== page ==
Read more of this story at Slashdot.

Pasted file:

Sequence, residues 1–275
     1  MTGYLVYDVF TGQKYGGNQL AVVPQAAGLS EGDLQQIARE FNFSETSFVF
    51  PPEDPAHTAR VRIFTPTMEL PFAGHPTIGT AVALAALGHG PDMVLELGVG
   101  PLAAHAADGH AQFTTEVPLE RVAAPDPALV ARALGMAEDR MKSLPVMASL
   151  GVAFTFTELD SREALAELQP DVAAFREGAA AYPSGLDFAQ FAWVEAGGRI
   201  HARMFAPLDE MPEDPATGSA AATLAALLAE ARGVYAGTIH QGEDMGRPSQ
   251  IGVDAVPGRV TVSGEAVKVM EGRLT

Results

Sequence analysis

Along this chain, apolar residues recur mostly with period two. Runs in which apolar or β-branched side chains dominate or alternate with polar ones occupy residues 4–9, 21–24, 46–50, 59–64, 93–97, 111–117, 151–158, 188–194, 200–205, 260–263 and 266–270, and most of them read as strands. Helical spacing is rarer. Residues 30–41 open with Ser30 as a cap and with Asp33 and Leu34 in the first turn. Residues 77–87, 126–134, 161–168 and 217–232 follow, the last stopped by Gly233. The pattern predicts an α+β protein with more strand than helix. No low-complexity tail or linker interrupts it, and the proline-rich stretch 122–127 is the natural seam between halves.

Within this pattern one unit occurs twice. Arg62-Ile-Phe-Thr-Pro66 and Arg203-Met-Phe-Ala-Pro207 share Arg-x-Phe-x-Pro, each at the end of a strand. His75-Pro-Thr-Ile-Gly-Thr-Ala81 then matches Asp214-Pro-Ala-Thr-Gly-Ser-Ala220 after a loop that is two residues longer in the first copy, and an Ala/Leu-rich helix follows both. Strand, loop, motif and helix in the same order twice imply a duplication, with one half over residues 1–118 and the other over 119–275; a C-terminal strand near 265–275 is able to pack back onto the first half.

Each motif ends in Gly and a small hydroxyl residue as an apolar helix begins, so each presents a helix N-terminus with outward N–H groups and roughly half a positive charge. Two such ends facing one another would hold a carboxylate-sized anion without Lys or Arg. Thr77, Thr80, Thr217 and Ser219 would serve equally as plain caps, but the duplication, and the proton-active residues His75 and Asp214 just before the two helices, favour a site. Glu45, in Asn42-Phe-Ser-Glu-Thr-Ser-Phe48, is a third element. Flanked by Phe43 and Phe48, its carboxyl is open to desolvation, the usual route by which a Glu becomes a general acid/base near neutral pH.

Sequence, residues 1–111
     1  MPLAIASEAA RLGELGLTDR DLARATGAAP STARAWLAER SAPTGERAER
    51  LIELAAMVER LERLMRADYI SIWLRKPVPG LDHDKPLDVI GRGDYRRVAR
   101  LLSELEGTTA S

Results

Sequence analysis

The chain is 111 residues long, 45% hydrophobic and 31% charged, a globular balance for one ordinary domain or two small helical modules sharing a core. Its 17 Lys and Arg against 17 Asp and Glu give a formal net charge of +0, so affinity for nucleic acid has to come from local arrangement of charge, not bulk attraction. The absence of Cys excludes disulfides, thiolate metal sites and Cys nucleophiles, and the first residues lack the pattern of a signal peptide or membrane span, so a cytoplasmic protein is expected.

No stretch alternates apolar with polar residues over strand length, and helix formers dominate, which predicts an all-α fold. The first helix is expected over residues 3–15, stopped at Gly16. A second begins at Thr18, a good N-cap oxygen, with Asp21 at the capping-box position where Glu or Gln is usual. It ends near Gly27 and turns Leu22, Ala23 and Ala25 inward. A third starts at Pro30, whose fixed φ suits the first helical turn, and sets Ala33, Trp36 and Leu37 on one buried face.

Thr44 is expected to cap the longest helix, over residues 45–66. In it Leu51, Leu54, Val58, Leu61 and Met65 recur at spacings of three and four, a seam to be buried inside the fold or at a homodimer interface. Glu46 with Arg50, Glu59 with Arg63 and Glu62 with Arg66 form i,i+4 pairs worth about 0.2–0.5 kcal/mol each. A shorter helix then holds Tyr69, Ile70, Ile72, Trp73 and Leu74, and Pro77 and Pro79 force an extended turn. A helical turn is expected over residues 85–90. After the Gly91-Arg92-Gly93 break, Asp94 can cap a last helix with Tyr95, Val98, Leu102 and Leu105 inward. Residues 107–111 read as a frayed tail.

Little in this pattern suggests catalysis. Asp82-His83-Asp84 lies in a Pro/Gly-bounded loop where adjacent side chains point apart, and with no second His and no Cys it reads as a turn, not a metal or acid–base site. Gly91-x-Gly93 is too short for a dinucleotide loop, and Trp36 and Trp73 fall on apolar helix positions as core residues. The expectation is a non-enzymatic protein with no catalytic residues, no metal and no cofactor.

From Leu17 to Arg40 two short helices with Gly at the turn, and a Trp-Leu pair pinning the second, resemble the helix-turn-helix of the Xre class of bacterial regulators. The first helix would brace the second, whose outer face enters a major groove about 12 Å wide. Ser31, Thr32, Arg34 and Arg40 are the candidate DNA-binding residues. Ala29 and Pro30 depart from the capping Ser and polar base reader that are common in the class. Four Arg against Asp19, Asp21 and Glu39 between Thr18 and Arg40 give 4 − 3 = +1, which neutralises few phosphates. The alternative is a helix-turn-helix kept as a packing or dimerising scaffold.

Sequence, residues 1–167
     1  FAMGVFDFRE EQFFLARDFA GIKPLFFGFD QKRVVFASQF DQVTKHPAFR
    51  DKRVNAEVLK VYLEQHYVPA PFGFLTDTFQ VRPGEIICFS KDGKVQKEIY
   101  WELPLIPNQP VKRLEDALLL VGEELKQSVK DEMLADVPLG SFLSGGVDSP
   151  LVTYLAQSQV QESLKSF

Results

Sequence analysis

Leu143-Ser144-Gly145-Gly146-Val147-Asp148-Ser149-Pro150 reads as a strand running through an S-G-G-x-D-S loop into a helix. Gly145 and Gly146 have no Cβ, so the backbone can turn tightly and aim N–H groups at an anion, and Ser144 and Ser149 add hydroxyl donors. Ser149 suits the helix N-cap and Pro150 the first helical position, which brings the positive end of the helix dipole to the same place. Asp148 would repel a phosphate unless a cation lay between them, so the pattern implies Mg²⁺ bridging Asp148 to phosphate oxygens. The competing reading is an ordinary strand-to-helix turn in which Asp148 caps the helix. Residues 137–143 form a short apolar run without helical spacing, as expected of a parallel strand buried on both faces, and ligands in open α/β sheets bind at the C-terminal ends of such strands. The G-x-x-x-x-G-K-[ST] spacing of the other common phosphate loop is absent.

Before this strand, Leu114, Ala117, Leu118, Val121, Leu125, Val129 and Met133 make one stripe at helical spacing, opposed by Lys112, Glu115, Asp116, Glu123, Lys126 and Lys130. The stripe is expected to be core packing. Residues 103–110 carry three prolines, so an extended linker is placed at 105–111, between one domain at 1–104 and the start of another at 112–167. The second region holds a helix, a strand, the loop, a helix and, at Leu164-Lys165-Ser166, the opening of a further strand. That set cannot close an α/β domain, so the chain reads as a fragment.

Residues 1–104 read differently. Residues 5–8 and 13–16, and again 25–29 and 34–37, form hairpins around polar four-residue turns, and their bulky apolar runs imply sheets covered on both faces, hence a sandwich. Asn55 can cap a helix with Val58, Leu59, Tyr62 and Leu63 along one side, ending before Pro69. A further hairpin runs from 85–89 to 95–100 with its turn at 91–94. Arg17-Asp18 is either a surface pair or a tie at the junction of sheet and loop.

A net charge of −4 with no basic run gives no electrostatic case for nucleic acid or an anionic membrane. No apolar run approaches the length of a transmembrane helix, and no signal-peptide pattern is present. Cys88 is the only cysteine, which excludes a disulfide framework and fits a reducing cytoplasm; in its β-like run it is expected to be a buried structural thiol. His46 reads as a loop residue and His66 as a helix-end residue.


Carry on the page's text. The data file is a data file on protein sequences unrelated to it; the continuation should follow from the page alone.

An anonymous reader quotes a report from ProPublica: Across the country, some law enforcement agencies have deployed controversial surveillance technology to track cellphone location and use. Critics say it threatens constitutional rights, and members of Congress have moved to restrain its use. Nonetheless, in 2019 the Boston Police Department bought the device known as a cell site simulator -- and tapped a hidden pot of money that kept the purchase out of the public eye. A WBUR investigation with ProPublica found elected officials and the public were largely kept in the dark when Boston police spent $627,000 on this equipment by dipping into money seized in connection with alleged crimes. Also known as a "stingray," the cell site simulator purchased by Boston police acts like a commercial cellphone tower, tricking nearby phones into connecting to it. Once the phones connect to the cell site simulator's decoy signal, the equipment secretly obtains location and other potentially identifying information. It can pinpoint someone's location down to a particular room of a hotel or house. While this briefcase-sized device can help locate a suspect or a missing person, it can also scoop up information from other phones in the vicinity, including yours. The Boston police bought its simulator device using money that is typically taken during drug investigations through what's called civil asset forfeiture. An August investigation by WBUR and ProPublica found that even if no criminal charges are brought, law enforcement almost always keeps the money and has few limitations on how it's spent. Some departments benefit from both state and federal civil asset forfeiture. The police chiefs in Massachusetts have discretion over the money, and the public has virtually no way of knowing how the funds are used. The Boston City Council reviews the BPD annual budget, scrutinizing proposed spending. But the surveillance equipment wasn't part of the budget. Because it was purchased with civil forfeiture funds, BPD was able to circumvent the council. According to an invoice obtained by WBUR, the only city review of the purchase -- which was made with federal forfeiture funds -- came from the Procurement Department, confirming that the funds were available. In fact, it was only after sifting through hundreds of documents received through public records requests that WBUR discovered BPD had bought the device from North Carolina-based Tactical Support Equipment Inc., which specializes in surveillance technology.